Biofuels are common addition or substitute for fossil fuels, applied as an attempt to decrease the impact of transport on the environment. Because of a large variety of already known biofuels and intensive research in the field, there is a high demand for analytical techniques for their quantification in fuels. Liquid scintillation counting (LSC) is one of the ideal candidates for this kind of measurements because the measured substance is radiocarbon found in all biofuels. This chapter describes the fundamental feature of LSC measurements and possible sample preparation steps. One of the methods (direct LSC method) is highlighted. One of the method’s advantages is simple sample preparation, thus suitability for every LSC laboratory. Calibration and validation results of three types of biocomponents, i.e., bioethanol, synthetic biodiesel [hydrogenated vegetable oil (HVO)], and conventional biodiesel [fatty acid methyl esters (FAME)], are presented. All results show that the described method is suitable for routine analysis of various biocomponents.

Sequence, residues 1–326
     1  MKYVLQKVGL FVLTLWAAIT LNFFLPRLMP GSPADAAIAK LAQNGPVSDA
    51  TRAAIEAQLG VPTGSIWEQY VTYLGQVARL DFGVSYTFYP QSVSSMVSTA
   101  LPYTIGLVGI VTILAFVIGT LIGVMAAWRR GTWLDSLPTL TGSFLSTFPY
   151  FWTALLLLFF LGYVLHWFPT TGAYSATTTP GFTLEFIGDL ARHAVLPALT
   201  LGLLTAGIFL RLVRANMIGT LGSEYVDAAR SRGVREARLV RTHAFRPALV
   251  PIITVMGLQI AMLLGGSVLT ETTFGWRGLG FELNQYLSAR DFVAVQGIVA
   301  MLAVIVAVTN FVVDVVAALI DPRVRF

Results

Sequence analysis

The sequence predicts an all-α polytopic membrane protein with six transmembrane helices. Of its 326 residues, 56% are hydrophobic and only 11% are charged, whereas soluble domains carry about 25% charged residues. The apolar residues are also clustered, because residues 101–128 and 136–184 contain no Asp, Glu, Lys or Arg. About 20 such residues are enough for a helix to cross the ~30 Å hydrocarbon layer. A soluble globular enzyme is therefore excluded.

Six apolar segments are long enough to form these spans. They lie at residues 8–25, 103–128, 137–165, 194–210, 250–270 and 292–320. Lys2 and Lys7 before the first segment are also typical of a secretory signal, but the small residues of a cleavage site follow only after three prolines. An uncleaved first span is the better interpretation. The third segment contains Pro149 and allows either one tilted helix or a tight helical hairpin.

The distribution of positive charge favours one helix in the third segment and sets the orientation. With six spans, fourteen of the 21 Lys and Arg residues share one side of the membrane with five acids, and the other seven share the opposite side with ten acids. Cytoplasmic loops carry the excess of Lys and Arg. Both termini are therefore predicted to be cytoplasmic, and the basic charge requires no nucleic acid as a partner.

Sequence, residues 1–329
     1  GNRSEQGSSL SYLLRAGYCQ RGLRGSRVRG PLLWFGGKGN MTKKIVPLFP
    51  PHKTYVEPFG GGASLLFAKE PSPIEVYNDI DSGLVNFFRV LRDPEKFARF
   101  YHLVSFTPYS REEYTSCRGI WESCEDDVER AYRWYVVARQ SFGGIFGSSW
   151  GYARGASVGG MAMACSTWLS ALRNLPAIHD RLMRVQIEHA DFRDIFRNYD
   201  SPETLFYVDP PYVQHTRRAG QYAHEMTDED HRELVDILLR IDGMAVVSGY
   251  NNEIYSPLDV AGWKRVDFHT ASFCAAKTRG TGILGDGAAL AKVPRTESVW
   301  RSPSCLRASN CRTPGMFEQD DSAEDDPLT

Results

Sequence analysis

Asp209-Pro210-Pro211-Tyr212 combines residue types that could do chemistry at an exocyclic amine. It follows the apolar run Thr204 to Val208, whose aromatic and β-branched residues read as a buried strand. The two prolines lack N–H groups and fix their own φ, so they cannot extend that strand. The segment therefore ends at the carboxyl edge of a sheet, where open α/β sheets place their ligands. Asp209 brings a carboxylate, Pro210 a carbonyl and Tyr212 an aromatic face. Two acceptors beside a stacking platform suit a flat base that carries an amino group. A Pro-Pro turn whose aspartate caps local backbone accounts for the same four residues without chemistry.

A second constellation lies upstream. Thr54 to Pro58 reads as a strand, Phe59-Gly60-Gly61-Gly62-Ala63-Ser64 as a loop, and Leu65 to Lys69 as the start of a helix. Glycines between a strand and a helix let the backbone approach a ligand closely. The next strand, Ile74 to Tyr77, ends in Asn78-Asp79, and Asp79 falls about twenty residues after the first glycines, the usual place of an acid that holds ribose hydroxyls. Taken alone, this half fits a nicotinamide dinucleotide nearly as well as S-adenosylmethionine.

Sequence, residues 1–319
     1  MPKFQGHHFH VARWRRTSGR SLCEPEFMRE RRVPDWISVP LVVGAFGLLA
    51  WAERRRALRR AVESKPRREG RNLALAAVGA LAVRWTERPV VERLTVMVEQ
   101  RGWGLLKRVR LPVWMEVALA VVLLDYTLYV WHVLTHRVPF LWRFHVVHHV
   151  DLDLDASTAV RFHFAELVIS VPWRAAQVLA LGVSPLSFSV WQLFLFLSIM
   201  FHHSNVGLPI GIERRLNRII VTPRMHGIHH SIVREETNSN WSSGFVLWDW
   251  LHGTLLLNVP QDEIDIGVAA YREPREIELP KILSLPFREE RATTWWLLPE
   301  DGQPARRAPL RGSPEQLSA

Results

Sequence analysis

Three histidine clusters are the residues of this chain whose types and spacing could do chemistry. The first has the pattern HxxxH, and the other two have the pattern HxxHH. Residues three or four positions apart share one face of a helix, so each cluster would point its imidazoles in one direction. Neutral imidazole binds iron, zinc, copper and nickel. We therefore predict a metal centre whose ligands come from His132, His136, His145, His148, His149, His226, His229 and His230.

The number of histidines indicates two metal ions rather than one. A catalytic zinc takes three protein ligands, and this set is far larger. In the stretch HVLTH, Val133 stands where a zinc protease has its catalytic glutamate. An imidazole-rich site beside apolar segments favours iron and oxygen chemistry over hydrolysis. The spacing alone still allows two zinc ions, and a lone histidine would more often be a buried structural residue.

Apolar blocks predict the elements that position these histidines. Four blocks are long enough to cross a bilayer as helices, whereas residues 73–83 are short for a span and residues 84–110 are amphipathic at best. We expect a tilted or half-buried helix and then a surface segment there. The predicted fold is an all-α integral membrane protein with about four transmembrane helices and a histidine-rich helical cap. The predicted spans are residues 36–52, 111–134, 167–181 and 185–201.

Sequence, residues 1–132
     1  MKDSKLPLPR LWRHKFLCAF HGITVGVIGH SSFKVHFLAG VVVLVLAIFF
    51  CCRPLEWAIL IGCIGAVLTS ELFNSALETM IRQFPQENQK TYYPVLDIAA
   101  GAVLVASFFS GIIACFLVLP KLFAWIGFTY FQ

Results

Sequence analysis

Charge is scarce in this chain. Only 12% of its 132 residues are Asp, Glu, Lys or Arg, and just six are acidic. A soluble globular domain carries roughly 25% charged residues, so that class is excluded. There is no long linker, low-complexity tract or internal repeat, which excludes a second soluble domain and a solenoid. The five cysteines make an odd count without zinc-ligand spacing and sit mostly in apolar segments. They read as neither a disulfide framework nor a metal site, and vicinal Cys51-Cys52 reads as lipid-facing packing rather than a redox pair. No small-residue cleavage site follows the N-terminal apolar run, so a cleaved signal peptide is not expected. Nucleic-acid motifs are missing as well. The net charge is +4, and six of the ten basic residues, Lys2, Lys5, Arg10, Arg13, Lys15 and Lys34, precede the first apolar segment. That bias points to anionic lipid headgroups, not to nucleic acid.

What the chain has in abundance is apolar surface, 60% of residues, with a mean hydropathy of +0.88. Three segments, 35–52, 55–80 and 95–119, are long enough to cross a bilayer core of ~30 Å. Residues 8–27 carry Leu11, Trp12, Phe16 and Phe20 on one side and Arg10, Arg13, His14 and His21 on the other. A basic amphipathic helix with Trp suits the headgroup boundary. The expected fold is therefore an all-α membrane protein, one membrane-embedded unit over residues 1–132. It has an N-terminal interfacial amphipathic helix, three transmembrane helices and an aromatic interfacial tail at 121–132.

Part of the book: Frontiers in Bioenergy and Biofuels